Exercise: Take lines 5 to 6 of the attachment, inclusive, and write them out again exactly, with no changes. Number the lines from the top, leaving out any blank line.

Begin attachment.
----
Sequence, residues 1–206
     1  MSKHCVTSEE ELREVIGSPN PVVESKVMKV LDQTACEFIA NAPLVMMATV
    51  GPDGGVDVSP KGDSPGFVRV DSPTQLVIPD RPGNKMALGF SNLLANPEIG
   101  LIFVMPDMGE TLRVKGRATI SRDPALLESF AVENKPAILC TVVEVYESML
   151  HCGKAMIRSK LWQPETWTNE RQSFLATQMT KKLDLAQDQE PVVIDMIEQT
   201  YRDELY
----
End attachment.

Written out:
   151  HCGKAMIRSK LWQPETWTNE RQSFLATQMT KKLDLAQDQE PVVIDMIEQT
   201  YRDELY